Stream Capture: Returning Control of Digital Music to the Users
Anderson, Jay, Harvard Journal of Law & Technology
TABLE OF CONTENTS I. INTRODUCTION II. EXPERIENCING MUSIC A. The Service-Product Spectrum B. Music As a Service: Manual Notation and Performance 1. Notation and Composition 2. Mechanical Musical Instruments C. Music As a Product: Mechanical Recording and Playback 1. Analog Sound Recordings 2. Digital Sound Recordings D. Products As a Service: Digital Streaming Music 1. Digital Music Streams 2. Streams As Instruments III. STREAM CAPTURE: STREAMS AS PRODUCTS A. Streaming Technology and Capture Techniques 1. Streaming and Progressive Downloading 2. Stream Capture Services and Products B. Of Public and Private Goods C. Legality D. Industry Ramifications 1. Disrupting a DRM-Enforced Business Model 2. Statutory Licensing 3. Ease of Use and Pervasiveness IV. AN ALTERNATIVE COMPENSATION SYSTEM V. CONCLUSION
I wanna say a special welcome to everyone that's, uh, climbed into the Internet tonight and, uh, has got into the M-bone. And I hope it doesn't all collapse. --Mick Jagger (1)
A number of streaming Internet music services have popped up recently, both in the U.S. and abroad. These services come in many shapes: some function akin to radio stations, (2) some deliver on-demand streams a la jukeboxes, (3) and some even stream your own music back to you from the "cloud." (4) The multitude of companies attempting to cash in on streaming Internet music can in part be attributed to the excellent monetization properties of streams. Streaming services--whatever the overarching arrangement may be--essentially provide single use products (streams) that perish as they are consumed. In short, Internet music streams have the commercially desirable properties of private goods: rivalry and excludability. In addition, certain classes of streaming services may take advantage of a statutory licensing scheme, giving service providers a vast library of perishable goods to deliver to consumers at low expense. (5) However, companies attempting to monetize streaming Internet music might soon have to confront a technological development similar to one that previously threatened over-the-air video and cable: the ability to capture streaming content. For television, the threat was video stream recording devices, such as the VCR and TiVo. For Internet music streams, it comes from services like Dar.fm (6) and software like PandoraJam. (7) These tools can permanently capture transient music streams without any loss in quality, (8) allowing users to save media for playback whenever desired--in effect, transforming Internet music streams to locally stored MP3 files (9) and giving them the properties of public goods. Users can then access, duplicate, and share these copies outside the control of the originating streaming service, thus depriving the service provider of ad revenue and the content owners of royalties.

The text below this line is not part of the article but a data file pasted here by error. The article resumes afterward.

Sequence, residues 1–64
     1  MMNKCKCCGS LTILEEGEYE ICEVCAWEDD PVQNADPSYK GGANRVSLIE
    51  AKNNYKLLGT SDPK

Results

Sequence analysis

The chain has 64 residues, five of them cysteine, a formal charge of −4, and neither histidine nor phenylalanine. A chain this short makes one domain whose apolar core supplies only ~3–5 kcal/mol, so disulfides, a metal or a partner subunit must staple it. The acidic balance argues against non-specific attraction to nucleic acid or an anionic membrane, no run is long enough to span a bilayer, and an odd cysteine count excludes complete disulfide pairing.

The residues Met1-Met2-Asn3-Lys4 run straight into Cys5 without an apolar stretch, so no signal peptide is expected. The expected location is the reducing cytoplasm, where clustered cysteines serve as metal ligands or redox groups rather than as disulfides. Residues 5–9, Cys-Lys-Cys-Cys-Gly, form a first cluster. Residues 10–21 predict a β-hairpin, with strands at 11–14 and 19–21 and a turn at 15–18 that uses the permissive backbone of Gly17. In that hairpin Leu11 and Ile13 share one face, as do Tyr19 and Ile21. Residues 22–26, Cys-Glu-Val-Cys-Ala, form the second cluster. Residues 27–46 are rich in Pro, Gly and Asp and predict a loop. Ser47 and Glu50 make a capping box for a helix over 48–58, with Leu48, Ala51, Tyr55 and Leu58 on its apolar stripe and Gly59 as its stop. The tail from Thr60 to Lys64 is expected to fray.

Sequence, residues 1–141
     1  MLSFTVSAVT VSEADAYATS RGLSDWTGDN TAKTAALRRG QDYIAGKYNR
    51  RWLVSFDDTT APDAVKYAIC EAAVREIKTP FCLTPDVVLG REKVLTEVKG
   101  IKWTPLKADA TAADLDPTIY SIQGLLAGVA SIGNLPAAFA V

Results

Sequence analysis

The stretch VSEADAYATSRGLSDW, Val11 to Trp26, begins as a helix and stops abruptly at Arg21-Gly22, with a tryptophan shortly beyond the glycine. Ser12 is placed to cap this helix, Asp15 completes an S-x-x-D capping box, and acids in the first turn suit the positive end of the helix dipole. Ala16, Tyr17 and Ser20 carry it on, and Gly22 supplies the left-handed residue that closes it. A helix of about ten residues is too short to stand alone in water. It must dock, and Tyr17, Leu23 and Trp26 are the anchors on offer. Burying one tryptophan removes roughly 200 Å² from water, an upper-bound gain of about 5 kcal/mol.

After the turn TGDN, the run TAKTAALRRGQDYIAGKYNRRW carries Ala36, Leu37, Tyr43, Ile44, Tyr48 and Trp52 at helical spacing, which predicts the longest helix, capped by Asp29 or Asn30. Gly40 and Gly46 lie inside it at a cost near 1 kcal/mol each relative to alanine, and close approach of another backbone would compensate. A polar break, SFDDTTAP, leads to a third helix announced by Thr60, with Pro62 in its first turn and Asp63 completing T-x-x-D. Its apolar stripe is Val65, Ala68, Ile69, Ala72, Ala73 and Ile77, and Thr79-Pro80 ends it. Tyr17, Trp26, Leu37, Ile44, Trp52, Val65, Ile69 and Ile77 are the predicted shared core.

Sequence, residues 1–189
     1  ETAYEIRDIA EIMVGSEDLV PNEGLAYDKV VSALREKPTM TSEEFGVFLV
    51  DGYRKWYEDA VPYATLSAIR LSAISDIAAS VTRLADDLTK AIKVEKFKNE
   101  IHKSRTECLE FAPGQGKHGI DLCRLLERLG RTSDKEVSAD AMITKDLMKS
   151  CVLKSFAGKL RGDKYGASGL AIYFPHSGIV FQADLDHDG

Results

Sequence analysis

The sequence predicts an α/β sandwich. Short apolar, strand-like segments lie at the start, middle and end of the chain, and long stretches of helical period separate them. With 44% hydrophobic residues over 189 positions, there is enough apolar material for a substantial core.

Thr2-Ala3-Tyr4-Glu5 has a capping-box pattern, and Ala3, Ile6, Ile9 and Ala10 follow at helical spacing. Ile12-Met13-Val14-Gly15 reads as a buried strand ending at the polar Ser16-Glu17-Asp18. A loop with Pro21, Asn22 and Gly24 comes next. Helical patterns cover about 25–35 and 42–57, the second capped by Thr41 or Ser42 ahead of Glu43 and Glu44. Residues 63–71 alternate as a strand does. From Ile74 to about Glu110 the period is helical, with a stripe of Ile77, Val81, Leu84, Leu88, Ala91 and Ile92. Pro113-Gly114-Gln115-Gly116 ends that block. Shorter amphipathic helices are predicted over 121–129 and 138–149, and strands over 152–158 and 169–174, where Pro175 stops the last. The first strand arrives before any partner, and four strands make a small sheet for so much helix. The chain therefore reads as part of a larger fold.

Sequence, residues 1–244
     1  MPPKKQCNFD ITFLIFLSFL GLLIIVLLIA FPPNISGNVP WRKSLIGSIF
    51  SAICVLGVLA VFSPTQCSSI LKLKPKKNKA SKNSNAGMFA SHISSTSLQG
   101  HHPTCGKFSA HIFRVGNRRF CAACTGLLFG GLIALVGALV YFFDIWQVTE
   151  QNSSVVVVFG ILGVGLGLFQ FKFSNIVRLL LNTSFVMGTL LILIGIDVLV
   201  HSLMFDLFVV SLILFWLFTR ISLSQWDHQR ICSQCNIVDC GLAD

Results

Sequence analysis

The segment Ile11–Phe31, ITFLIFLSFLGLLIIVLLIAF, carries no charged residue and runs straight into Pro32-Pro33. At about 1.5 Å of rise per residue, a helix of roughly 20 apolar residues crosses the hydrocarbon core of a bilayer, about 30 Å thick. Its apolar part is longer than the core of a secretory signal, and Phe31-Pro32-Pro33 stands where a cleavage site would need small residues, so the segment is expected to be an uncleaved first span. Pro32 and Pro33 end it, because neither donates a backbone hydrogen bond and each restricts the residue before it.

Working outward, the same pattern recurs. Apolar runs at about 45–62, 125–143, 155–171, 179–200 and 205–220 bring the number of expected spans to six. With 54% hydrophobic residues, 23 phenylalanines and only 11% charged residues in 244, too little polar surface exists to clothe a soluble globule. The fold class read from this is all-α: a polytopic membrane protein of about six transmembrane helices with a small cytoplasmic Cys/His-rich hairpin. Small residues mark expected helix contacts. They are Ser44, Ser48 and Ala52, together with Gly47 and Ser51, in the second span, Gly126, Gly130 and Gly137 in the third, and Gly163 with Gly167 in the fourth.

This Note discusses the nature of Internet streaming, the businesses rushing to embrace it, and the inevitably disruptive technologies seeking to displace it. Although of uncertain legality, stream capture tools threaten to undercut the economic incentives behind the burgeoning streaming music industry. In Part II, this Note introduces what I refer to as the "service-product spectrum," and explores the evolution of music through this analytical lens. I conclude that streams--through the imposition of a service layer--have just as much in common with mechanical musical instruments, such as player pianos, as they do with sound recordings. Part III discusses the emerging technologies that allow one to "capture" streaming media. I examine stream capture from a technological perspective and explain why streaming music is an artificial technological deviation from traditional digital music as a product, and thus can be considered a form of Digital Rights Management ("DRM"). …